At about 6 p.m. Saturday, a decades-long tradition was renewed in Perryville when the Holly Tree near Jackson Station Road was lit up in festive glory.
The event still gets to Trish Sexton, the secretary/treasurer of the Cecil County Holly Tree Corporation, who has been helping organize the lighting for as long as she can remember.
"I enjoy the music, but nothing tops the moment when the lights come on," Sexton said. "It gets me choked up every time."
"The moment the lights come on, it's a whole new ambience," Sexton added.
The event began at 4 p.m. with performances from different local musicians. At 5:45, the Perryville High School marching band arrived playing music in a procession with Santa and Mrs. Claus.
Santa and his wife then proceeded to the stage along with members of Brownie Troop 118. Before the lighting began, Sexton's father, Rev. William Hawley Sr., read a benediction.
"Thank you lord for all of the people who preserve the history of the Holly Tree," Hawley said as part of the benediction.
Then, the countdown to the lighting began, with guests Frank Rinaldi and Courtney Barrett from the Ray of Hope Mission ready to flip the switch. When the countdown reached zero, the tree suddenly sparkled with festive cheer.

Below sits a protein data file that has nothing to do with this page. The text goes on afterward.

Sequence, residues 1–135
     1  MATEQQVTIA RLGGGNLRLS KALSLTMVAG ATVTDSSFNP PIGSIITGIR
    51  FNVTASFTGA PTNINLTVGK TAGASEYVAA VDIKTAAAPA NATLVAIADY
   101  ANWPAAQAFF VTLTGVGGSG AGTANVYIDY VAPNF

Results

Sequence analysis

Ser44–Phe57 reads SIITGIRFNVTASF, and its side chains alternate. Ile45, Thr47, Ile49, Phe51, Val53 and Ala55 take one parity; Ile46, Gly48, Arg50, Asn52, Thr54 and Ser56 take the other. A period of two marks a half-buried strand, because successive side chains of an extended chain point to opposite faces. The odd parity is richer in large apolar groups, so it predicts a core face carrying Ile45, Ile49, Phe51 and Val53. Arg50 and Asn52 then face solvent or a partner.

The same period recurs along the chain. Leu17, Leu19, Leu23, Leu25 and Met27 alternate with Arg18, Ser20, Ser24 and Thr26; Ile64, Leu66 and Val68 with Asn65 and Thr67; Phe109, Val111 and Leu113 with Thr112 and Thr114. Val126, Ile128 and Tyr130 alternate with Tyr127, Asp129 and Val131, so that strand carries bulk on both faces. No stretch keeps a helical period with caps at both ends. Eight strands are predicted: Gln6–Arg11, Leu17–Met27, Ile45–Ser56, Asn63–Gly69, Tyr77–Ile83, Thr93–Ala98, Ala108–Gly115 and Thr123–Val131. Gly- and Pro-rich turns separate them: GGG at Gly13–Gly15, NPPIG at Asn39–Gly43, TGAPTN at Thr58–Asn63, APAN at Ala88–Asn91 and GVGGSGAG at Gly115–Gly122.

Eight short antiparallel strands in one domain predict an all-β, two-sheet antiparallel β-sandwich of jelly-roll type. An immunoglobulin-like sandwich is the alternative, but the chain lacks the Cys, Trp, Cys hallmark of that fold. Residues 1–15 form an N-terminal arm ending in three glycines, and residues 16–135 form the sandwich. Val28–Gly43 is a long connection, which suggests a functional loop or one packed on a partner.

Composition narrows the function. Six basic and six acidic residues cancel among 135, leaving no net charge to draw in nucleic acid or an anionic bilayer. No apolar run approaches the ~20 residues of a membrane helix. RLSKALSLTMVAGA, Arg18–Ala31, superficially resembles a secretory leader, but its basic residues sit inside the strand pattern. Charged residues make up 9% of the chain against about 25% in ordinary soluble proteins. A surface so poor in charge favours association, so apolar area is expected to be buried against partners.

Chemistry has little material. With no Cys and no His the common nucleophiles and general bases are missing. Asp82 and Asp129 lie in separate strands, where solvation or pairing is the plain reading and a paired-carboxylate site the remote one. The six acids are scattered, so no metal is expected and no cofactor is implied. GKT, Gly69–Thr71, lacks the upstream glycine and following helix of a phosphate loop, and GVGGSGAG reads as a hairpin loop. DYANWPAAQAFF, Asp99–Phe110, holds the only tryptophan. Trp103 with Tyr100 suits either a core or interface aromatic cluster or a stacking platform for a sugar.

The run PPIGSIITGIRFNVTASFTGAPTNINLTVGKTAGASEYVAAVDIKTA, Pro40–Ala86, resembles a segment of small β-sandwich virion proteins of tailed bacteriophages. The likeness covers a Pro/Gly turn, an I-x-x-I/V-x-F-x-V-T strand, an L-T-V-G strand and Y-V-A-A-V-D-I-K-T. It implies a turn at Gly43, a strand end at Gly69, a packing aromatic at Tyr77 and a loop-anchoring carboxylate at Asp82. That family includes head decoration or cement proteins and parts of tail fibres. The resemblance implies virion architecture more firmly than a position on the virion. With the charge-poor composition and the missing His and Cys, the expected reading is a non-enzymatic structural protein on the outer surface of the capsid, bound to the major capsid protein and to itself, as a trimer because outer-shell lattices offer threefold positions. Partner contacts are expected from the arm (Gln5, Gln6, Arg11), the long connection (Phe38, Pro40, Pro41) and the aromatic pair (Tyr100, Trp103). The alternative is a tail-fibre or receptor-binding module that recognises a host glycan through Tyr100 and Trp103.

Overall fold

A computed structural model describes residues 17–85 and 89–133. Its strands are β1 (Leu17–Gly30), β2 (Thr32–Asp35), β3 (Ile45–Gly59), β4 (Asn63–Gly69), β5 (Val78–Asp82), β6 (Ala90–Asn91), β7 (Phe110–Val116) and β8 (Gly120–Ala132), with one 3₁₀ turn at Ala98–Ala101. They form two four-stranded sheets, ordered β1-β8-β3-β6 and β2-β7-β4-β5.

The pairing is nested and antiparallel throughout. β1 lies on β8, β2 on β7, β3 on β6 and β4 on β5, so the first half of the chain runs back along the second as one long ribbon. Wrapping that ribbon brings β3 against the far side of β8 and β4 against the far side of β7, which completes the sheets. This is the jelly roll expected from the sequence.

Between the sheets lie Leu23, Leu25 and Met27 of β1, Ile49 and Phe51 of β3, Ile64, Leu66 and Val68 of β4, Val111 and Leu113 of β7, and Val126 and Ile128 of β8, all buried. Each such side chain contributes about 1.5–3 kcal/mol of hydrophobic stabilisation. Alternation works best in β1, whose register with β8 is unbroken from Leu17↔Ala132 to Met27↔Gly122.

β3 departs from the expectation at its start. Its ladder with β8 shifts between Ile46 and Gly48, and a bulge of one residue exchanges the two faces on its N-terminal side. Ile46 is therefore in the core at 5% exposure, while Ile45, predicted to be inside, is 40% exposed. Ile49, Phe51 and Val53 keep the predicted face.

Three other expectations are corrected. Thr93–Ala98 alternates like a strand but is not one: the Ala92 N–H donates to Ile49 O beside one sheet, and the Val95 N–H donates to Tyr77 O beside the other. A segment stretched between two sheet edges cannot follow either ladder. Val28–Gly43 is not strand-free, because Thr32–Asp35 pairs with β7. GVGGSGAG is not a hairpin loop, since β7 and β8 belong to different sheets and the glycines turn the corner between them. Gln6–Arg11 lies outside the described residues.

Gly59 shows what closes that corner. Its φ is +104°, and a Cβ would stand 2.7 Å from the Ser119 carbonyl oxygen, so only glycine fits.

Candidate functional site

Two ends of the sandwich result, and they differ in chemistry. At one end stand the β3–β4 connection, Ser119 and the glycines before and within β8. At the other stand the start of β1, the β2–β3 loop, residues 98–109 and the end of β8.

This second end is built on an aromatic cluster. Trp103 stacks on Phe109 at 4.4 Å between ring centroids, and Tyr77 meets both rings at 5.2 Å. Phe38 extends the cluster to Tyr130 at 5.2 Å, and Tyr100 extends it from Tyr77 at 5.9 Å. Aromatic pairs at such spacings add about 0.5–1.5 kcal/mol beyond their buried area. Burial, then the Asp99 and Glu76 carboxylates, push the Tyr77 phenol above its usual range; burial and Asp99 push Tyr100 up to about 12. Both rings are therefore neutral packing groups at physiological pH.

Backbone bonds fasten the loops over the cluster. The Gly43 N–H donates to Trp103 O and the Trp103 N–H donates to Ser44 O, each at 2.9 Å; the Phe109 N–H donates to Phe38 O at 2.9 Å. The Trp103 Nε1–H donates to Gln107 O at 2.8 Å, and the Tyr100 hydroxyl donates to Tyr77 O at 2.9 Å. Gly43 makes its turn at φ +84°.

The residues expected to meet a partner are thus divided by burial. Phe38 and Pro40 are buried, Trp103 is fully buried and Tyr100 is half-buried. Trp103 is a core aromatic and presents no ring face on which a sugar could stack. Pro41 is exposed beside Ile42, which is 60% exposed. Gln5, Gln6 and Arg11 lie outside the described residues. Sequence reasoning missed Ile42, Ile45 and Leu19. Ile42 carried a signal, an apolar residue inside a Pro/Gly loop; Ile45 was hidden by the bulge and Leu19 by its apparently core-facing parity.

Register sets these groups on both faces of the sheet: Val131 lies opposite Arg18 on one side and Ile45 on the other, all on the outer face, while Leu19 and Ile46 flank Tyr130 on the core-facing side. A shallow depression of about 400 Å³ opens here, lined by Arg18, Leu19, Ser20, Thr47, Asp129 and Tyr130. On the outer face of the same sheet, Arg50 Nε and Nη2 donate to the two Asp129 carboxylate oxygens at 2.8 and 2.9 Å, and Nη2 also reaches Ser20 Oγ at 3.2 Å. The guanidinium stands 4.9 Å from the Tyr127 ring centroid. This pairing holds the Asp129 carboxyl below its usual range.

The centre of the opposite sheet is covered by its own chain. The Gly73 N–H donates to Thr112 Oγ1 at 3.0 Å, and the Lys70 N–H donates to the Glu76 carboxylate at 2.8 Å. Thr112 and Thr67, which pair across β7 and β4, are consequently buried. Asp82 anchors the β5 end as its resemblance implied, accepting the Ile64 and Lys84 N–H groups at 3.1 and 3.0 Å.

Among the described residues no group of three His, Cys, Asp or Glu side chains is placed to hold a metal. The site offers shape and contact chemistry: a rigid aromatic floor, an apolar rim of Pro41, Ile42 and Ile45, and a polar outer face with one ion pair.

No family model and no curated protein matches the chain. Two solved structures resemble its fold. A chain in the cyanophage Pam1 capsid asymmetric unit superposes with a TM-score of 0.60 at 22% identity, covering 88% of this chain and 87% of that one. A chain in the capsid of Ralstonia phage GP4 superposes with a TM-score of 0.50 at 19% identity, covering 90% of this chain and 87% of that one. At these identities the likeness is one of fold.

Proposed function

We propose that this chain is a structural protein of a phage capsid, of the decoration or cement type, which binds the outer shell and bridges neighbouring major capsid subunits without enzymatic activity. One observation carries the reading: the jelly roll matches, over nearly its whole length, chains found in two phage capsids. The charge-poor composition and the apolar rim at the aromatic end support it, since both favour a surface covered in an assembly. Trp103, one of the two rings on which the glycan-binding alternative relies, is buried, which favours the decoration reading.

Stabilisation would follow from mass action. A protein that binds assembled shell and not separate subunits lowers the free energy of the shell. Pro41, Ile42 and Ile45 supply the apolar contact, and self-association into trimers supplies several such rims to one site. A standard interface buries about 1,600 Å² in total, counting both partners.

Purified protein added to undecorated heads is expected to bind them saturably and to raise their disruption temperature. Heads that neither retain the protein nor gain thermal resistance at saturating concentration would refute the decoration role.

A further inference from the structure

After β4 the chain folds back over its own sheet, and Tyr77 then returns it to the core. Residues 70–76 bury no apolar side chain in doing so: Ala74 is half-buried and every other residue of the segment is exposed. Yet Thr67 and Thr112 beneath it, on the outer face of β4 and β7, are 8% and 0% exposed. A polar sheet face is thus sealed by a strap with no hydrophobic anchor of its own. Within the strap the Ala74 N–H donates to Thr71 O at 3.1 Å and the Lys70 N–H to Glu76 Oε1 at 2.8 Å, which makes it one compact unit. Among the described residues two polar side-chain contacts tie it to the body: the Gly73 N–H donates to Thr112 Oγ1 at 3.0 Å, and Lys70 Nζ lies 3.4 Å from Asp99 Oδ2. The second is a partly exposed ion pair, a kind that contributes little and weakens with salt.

That's what brings many families to see the tree each year, as an estimated 400 people, including performers, came to see the lighting this year. Kelsey McCardell brought her little sister, Riley, and young cousin, Chase.
"They really like the Christmas tree," McCardell said. "They're so excited, and they've been begging me to come."
McCardell says she comes to the tree lighting almost every year.
"If I don't come to the lighting, I try to come see the tree," McCardell said.
Matt Molitor and Nicole Steele from North East come every year with their 7-year-old son, Xia.
"I grew up coming down here," Molitor said. "[The tree] is getting smaller and smaller every year, but it's something. It's a part of Cecil County history."
Sexton hopes the lighting continues with local support for years to come.
"In our community, I want this tradition to mean to everyone as much as it means to me," Sexton said. "I just want this tradition to continue on."Copyright © 2015, The Baltimore Sun